Q. Thus far We have considered the Modernist as a philosopher. Now, if We proceed to consider him as a believer, and seek to know how the believer, according to Modernism, is marked off from the philosopher, what must be done?

A. ‘It must be observed that, although the philosopher recognizes the reality of the divine as the object of faith, still, this reality is not to be found by him but in the heart of the believer, as an object of feeling and affirmation, and therefore confined within the sphere of phenomena; but the question as to whether in itself it exists outside that feeling and affirmation is one which the philosopher passes over and neglects. For the Modernist believer, on the contrary, it is an established and certain fact that the reality of the divine does really exist in itself and quite independently of the person who believes in it.’

Q. And now we ask on what foundation this assertion of the believer rests.

A. ‘He answers: In the personal experience of the individual.’

Q. Is it in that, then, that the Modernists differ from the Rationalists?

A. ‘On this head the Modernists differ from the Rationalists, only to fall into the views of the Protestants and pseudo-Mystics.’

Q. How do they explain that, through individual experience, they arrive at the certitude of the existence of God in Himself?

A. ‘The following is their manner of stating the question: In the religious sense one must recognize a kind of intuition of the heart which puts man in immediate contact with the reality of God.’

Q. They attain to God without any intermediary. But what kind of certitude do they pretend to have through this intuition of the heart?

A. ‘Such a persuasion of God’s existence and His action both within and without man as far to exceed any scientific conviction. They assert, therefore, the existence of a real experience, and one of a kind that surpasses all rational experience.’

Q. If that is the case, whence comes it that there are men who deny the existence of God ?

A. ‘If this experience is denied by some, like the Rationalists, they say that this arises from the fact that such persons are unwilling to put themselves in the moral state necessary to produce it.’

Q. Is it, then, this individual experience which makes the believer?

A. ‘It is this experience which makes the person who acquires it to be properly and truly a believer.’

Q. But is not all that contrary to the Catholic faith?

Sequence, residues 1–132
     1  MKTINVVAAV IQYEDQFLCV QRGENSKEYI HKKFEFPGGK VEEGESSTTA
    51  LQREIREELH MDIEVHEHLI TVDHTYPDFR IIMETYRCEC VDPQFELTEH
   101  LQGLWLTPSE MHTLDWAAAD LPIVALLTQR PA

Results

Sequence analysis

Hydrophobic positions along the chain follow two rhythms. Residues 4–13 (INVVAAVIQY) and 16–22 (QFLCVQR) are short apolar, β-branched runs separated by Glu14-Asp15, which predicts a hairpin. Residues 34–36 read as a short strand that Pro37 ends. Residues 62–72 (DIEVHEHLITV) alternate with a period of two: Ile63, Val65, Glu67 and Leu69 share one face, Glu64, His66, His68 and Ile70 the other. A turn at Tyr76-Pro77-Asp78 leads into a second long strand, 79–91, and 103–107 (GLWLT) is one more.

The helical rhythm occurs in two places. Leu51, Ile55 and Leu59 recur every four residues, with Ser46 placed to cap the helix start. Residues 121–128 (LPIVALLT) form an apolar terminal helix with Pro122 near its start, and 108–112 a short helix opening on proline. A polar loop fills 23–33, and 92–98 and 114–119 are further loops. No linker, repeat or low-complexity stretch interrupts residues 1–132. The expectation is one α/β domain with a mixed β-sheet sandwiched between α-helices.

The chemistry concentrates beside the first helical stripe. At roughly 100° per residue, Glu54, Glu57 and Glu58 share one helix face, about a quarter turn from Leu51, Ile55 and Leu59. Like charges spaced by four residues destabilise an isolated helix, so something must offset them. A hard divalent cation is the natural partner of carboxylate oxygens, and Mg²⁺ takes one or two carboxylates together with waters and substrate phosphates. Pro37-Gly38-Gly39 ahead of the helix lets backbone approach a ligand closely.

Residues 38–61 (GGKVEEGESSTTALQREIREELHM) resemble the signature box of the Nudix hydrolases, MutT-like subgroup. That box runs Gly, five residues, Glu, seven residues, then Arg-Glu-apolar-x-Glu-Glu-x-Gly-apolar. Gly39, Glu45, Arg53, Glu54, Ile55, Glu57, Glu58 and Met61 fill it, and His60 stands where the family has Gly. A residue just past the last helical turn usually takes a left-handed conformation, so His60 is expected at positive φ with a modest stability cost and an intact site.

A. ‘How far this position is removed from that of Catholic teaching! We have already seen how its fallacies have been condemned by the Vatican Council.
Later on we shall see how these errors, combined with those which we have already mentioned, open wide the way to Atheism.’

Q. According to such principles, does it not seem that the Modernists must conclude that all religions are true?

A. ‘Evidently; given this doctrine of experience united with that of symbolism, every religion, even that of paganism, must be held to be true. What is to prevent such experiences from being found in any religion? In fact, that they are so is maintained by not a few. On what grounds can Modernists deny the truth of an experience affirmed by a follower of Islam?’

Q. Do they claim a monopoly of true experiences for Catholics alone?

A. ‘Indeed, Modernists do not deny, but actually maintain, some confusedly, others frankly, that all religions are true.’

Q. In fact, is not that an absolutely rigorous conclusion in their system?

A. ‘That they cannot feel otherwise is obvious. For on what ground, according to their theories, could falsity be predicated of any religion whatsoever? Certainly it would either be on account of the falsity of the religious sense, or on account of the falsity of the formula pronounced by the mind. Now, the religious sense, although it may be more perfect or less perfect, is always one and the same; and the intellectual formula, in order to be true, has but to respond to the religions sense and to the believer, what ever be the intellectual capacity of the latter.

Q. But do the Modernists not maintain the superiority of the Catholic religion?

A. ‘In the conflict between different religions the most that Modernists can maintain is that the Catholic has more truth because it is more vivid, and that it
deserves with more reason the name of Christian because it corresponds more fully with the origins of Christianity. No one will find it unreasonable that these consequences flow from the premisses.’

Q. Do not Catholics, and even priests, act as though they admitted such enormities?

A. ‘What is most amazing is that there are Catholics and priests who, We would fain believe, abhor such enormities, and yet act as if they fully approved of them. For they lavish such praise and bestow such public honour on the teachers of these errors, as to convey the belief that their admiration is not meant merely for the persons, who are perhaps not devoid of a certain merit, but rather for the sake of the errors which these persons openly profess, and which they do all in their power to propagate.